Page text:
The day may soon come when, as consumers, we require water labeling on products just as we do for nutritional content on food packaging. We need to know such realities to inform our personal choices.
I cannot overstate the importance of making water a part of school curricula and mass media attention. We must give people information and inspiration on which to act. It must be personal. We must do this first because, once involved, the public will demand no less from industry and government than they have achieved themselves.
Agriculture.At the international level, large-scale agribusiness and governments must be held accountable to institute sound water policies and appropriate technology. Scientific American magazine reported that water demand on farms would decline with more efficient and environmentally sound technologies by a staggering 50 percent. We know that drip irrigation reduces water use by 30 to 70 percent and increases crop yield by 20 to 90 percent compared with flooding. So water conservation is not a mystery and must be subsidized. This management of agricultural water is absolutely central for water conservation and hygiene, as well as for food and poverty.
Business.With the establishment of water as a fundamental human right in the U.N.’s General Comment, we have a valuable tool to set limits on who can do what with water. The General Comment states that water must be affordable to everyone. This means that water cannot be looked upon as the next gold or oil. Greed has no place here.
Privatization of water, which is growing rapidly, must be monitored and used to serve humanity, not further impoverish us. Once basic needs are met, then let privatization become profitable from those people who can and want to pay high prices to water their lawns. At least the cost will not be the suffering of the thirsty.
And we must watch the industrial use of water, which accounts for roughly 20 percent. Worldwatch has reported that, on average, a ton of water used in industry generates about 70 times more profit as the same water used to grow grain. We must make sure that some of that profit goes toward returning the water used by industry in a clean, healthy state. Industry must be held accountable for temporarily borrowing what is now a basic human right.
So let those making money from water-related products contribute to the cost of bringing water to the 1.4 billion without it. Let industry do it from inspiration because they are part of the human adventure.
We are in the midst of an information revolution that gives us direct democracy. It allows us to take action and make demands without the representation that has sometimes failed to meet basic human needs. Let one of the victories of this information revolution be that we become a world that is water-literate and water-abundant.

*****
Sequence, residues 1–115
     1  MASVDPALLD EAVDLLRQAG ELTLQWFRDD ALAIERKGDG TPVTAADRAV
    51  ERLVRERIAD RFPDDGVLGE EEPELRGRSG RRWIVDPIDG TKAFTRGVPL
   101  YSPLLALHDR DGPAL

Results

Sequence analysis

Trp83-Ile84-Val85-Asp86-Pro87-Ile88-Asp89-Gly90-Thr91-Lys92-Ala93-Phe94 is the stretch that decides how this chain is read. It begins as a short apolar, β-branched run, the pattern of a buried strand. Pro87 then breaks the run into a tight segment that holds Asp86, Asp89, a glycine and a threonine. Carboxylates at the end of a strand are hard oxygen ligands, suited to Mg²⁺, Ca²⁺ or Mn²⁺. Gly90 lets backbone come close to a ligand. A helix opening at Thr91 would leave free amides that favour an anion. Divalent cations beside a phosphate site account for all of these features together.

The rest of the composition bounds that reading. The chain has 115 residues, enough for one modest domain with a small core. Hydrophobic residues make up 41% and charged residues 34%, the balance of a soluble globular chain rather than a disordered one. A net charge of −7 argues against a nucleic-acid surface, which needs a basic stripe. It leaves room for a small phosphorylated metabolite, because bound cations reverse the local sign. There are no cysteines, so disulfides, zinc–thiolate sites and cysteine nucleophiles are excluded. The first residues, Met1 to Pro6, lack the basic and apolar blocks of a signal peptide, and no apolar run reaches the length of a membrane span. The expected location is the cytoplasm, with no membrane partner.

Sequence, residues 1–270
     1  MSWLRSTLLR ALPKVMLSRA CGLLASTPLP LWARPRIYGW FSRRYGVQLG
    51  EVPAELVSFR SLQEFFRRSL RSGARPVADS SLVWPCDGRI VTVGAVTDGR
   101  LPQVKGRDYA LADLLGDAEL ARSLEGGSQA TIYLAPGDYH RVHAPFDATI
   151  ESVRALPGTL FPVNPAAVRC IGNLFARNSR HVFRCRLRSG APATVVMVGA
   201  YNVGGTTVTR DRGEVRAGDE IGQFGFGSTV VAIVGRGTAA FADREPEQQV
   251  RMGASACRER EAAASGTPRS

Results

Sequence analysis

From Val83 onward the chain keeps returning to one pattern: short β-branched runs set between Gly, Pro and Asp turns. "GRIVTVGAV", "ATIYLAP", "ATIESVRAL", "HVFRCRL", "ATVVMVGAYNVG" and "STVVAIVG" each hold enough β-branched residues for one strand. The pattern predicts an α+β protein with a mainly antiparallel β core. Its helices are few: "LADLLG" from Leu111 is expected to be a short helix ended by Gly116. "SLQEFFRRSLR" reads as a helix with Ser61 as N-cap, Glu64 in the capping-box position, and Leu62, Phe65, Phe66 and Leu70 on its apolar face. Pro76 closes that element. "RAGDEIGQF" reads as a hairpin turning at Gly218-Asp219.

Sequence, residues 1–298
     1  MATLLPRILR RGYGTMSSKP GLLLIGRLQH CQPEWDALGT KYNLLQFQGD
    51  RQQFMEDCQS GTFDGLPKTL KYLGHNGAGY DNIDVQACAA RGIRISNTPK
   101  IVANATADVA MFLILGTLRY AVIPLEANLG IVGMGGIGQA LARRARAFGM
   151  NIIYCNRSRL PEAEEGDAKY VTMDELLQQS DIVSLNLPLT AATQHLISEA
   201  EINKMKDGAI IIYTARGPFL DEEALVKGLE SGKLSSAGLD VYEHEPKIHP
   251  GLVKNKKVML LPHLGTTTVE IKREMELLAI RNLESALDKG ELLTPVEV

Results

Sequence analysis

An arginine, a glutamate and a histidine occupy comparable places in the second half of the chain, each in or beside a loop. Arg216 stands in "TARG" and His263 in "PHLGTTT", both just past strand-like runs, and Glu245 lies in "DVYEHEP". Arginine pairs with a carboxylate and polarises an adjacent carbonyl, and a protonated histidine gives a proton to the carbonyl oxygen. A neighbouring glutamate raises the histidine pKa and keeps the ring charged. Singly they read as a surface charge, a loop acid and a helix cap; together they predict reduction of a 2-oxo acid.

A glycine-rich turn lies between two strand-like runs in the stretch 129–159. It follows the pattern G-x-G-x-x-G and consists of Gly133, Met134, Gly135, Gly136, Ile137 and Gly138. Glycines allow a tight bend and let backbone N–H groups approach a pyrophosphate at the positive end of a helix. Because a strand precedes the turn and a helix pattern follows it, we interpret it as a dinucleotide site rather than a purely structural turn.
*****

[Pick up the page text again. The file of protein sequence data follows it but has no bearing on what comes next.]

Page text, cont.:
We know that this is a planet of abundance if we can manage ourselves and we also know that water means peace. I have stood on the sands of Kuwait, beside the lakes of Kuwait. The lakes are made of spilled oil. They are lakes of death. There are alternatives to oil and to everything but water. There is no substitute for water. Water is life.
It was at sea that I witnessed a fundamental reality of what water is to this planet. We entered the night sea in the middle of the Pacific Ocean and turned on our dive lights. The sea was aglow with transparent, gelatinous plankton--unearthly, fragile forms. They are animated by the spark of life, but they are actually 99 percent water with only the most fragile of membranes to contain this spark. They break apart and disappear with a wave of my hand.
Looking at the shimmering parade seen in the photographs, I realized that life is the miracle of organized water. These tiny, transparent creatures are water alive. And so are we. It is the reality we must protect for us all.
First Photo: Plankton ©Dr. Richard Murphy, Ocean Futures Society
Second Photo: Amazon Pororoca ©Carrie Vonderhaar, Ocean Futures Society/KQED
Third Photo: Jean-Michel Cousteau and child in the Amazon © Carrie Vonderhaar, Ocean Futures Society/KQED.
Fourth Photo: Fabien Cousteau at the Flower Garden Bank National Marine Sanctuary © Carrie Vonderhaar, Ocean Futures Society/KQED.
Fifth Photo: Coral Spawning at the Flower Garden Bank National Marine Sanctuary © Carrie Vonderhaar, Ocean Futures Society/KQED.
Sixth Photo: Plankton © Dr. Richard Murphy, Ocean Futures Society.